Using micro-geography to understand the realisation of wellbeing: a qualitative GIS study of three social enterprises

Jane Farmer*, Peter Kamstra, Chris Brennan-Horley, Tracy De Cotta, Michael Roy, Jo Barraket, Sarah-Anne Munoz, Sue Kilpatrick

*Corresponding author for this work

Research output: Contribution to journalArticle


Social enterprises are promoted as a method of welfare reform, to transition people out of disadvantage by addressing poverty, unfulfilled capabilities and social exclusion. This study explores how three Work Integration Social Enterprises (WISEs) in Australia help to realise wellbeing for their employees by mapping their micro-geographical experience of wellbeing. By mapping the sites within a social enterprise where wellbeing is realised, we provide a practical, empirical and replicable methodology that is useful for gaining insights into where and how wellbeing realisation occurs. This situates wellbeing as an upstream place-based resource likely to influence downstream health outcomes.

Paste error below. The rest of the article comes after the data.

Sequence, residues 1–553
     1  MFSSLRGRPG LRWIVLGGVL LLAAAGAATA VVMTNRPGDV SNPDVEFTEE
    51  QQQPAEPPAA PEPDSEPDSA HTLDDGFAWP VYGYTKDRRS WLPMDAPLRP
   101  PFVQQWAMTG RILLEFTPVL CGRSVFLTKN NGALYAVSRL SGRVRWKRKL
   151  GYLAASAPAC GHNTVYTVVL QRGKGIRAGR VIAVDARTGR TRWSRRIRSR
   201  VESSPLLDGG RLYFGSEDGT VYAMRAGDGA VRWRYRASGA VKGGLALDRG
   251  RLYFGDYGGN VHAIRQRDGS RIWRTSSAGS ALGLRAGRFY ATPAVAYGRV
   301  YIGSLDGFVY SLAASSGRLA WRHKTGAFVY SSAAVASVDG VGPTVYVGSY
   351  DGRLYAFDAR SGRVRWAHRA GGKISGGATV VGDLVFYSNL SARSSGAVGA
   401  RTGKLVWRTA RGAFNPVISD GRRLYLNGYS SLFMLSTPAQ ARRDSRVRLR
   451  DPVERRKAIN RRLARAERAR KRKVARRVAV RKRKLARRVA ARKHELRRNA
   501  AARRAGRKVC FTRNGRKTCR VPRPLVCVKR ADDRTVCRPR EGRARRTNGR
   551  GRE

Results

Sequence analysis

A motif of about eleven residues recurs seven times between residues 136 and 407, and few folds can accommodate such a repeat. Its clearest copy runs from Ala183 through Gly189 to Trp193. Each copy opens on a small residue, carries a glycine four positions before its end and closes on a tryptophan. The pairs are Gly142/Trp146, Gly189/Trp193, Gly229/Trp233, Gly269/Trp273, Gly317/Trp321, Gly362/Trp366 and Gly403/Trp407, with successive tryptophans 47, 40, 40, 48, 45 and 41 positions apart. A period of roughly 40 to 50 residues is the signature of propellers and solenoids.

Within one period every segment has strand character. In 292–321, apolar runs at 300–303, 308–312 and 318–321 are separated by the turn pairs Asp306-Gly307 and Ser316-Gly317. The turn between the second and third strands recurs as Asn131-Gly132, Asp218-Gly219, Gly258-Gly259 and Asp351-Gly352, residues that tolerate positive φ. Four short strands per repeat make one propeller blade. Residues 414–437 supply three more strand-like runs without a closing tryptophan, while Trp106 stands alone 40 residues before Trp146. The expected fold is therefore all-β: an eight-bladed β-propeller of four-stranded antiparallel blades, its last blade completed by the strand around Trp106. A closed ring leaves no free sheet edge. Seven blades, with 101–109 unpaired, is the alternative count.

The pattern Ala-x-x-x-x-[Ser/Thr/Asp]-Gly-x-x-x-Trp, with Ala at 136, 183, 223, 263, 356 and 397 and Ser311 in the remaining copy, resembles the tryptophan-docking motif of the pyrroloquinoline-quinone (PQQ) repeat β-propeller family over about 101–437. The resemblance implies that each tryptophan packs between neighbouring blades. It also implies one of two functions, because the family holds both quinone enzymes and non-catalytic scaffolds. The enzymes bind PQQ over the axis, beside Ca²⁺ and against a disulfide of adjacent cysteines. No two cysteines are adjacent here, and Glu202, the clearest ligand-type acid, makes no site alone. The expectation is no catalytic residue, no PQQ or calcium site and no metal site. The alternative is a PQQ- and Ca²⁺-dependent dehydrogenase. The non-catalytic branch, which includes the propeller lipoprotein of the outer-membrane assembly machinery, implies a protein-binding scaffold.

Original languageEnglish
Article number102293
JournalHealth and Place
Early online date14 Feb 2020
Publication statusE-pub ahead of print - 14 Feb 2020



  • wellbeing
  • social enterprise
  • micro-geography
  • relational space
  • work

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